b) Describe the preferred directions of these features that exist in this area?
c) Look for places you can tell what the relative age of two cross cutting examples of the feature are. Use the Save Image option to save the image (with scale) and paste it into your word document. In your example, which direction preceded the other?
d) Zooming in you can see that these features have some interesting tip and branching diagrams. Find an interesting example, and use the Save Image option to capture it and then paste it into your word document. Describe the geometry in a few sentences.
e) If you navigate to the North you find flat-lying, light colored sedimentary rocks. Are the features you have been looking at older or younger than these rocks (provide a reason for the age assignment)?
Pallet Creek, San Andreas fault, California: Navigate to 34° 27' 20.22' N and 117° 53' 0.41 W and you should see Pallett Creek Road right next to Pallett Creek.
a) Locate where you think the San Andreas fault (a distinctive linear topographic feature in this area) crosses the creek, and mark the path of the San Andreas fault with the Add Path tool. Now trace Pallett Creek across the San Andreas for 2 km or so. Use the Save Image option to capture the image and insert into your word document. The trace of Pallet Creek is consistent with what type of offset along the San Andreas fault?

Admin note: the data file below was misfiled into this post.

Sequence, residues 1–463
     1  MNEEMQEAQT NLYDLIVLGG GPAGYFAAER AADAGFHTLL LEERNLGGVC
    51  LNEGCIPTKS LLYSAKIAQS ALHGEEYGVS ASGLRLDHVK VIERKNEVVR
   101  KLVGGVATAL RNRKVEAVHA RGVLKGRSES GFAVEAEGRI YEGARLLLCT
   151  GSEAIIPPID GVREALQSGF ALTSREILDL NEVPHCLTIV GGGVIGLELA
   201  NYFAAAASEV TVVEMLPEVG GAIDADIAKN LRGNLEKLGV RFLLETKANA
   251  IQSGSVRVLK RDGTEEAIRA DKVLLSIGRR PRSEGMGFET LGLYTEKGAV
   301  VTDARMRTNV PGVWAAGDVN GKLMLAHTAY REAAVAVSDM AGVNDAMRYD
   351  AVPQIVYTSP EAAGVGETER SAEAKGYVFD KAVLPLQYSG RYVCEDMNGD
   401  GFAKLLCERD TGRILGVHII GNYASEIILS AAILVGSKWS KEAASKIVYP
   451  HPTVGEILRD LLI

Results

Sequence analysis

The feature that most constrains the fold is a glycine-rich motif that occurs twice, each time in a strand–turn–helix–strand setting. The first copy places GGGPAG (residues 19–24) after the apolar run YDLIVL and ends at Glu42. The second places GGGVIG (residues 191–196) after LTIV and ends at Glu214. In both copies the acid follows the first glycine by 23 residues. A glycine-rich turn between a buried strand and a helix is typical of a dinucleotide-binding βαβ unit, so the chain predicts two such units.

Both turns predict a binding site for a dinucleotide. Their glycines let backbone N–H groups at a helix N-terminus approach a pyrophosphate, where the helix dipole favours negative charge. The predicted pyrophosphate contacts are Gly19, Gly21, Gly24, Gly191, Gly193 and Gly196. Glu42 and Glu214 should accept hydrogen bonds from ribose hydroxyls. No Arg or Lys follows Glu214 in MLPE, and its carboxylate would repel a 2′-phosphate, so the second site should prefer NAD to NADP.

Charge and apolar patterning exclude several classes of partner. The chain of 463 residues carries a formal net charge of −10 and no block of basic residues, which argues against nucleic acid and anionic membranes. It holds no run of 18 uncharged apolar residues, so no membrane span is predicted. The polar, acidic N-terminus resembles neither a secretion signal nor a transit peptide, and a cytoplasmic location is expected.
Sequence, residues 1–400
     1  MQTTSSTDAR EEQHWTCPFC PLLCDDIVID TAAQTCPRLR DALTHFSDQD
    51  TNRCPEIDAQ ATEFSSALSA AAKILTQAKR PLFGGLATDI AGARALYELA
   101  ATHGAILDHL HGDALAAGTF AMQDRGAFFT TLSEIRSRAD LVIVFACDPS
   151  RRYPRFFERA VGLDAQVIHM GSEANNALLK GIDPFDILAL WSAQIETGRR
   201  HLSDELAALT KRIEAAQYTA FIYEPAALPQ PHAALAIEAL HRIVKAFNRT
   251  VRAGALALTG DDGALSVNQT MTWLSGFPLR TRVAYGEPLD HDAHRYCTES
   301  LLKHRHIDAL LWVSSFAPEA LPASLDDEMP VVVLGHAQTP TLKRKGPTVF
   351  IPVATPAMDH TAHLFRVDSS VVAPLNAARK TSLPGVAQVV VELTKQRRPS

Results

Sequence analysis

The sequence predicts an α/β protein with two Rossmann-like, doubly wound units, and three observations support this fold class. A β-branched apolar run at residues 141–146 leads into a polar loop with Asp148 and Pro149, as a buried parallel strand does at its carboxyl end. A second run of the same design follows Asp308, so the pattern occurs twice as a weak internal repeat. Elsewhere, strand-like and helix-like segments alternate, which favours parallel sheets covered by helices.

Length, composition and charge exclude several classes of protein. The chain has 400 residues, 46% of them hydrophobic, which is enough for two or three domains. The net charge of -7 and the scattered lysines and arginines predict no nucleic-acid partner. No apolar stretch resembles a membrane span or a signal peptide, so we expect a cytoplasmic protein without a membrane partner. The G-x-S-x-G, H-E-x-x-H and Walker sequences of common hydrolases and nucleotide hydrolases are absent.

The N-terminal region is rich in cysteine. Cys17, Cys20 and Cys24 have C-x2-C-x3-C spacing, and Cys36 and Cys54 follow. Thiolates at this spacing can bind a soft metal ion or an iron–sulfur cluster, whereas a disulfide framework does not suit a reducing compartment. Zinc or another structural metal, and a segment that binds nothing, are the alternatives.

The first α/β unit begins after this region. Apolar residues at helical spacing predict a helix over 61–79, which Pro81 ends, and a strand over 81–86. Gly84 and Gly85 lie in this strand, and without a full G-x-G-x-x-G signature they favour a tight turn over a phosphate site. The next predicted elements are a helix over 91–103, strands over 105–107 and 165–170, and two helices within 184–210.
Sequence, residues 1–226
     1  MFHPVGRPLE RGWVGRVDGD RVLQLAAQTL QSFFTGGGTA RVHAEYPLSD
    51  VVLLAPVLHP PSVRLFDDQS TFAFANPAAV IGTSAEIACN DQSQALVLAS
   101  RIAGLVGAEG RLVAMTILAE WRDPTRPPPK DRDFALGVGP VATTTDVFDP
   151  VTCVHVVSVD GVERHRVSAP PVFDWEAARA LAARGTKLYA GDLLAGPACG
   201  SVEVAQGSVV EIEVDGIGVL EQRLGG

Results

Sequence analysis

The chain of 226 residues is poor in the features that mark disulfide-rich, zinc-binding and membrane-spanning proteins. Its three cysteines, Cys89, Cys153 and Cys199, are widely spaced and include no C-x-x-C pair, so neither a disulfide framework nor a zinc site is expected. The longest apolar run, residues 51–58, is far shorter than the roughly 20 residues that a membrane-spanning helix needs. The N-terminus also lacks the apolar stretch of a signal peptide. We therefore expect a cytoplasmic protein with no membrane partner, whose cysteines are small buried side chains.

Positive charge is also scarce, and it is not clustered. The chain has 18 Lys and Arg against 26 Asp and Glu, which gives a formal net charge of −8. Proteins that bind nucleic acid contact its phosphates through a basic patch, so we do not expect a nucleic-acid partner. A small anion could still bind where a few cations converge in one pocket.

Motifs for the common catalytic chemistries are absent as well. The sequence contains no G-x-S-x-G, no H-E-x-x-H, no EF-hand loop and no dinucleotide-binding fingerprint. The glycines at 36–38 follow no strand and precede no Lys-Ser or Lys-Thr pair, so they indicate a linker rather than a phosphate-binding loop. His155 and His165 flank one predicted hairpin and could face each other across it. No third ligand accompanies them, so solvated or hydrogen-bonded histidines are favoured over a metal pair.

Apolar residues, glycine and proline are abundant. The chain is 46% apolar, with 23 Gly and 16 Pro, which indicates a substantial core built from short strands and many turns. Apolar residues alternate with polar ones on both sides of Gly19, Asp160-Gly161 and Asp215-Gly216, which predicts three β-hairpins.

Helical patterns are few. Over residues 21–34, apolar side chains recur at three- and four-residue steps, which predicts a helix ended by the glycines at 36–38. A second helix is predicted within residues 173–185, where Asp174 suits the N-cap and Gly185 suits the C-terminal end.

b) Strike-slip faults can have an oblique component so that tectonically developed topography develops as the crustal blocks move. If there is one side of the San Andreas fault here that has an up component, which one is it?
c) About 2.8 miles SE of where the fault crosses Pallett Creekone one can find well exposed ridges of a white Miocene sandstone that are involved in a fold. Find the fold hinge area and use the Save Image option to capture a image of it and insert it into your word document. Is this an anticline or syncline, and what direction does it plunge?
d) Follow out the southwestern limb of the fold. What happens to it structurally, and provide the evidence/reasoning that led you to your conclusion?
a) Navigate to an oblique view looking along the fold structure from a perspective that shows the form of the fold in cross section. Look to where a river cuts through the structure providing a natural cross section. Capture that image and insert into your word document. Describe the fold form in words as completely as possible, including visual estimates on the limb dips.
b) Focus on the brightly colored red rocks (Triassic redbeds) at each end of the fold structure. In terms of both shape and structural orientation describe how the two ends of the exposed fold pattern differ?
Bonus (2 pts. out of 10): The goal of this is to provide motivation to explore Google even further on your own. Find and report on a google locality that shows a well developed structural feature or pattern of interest and complete the following for it. There are many possibilities.
If you want to practice some more link to these air photo images:
(link to part 2)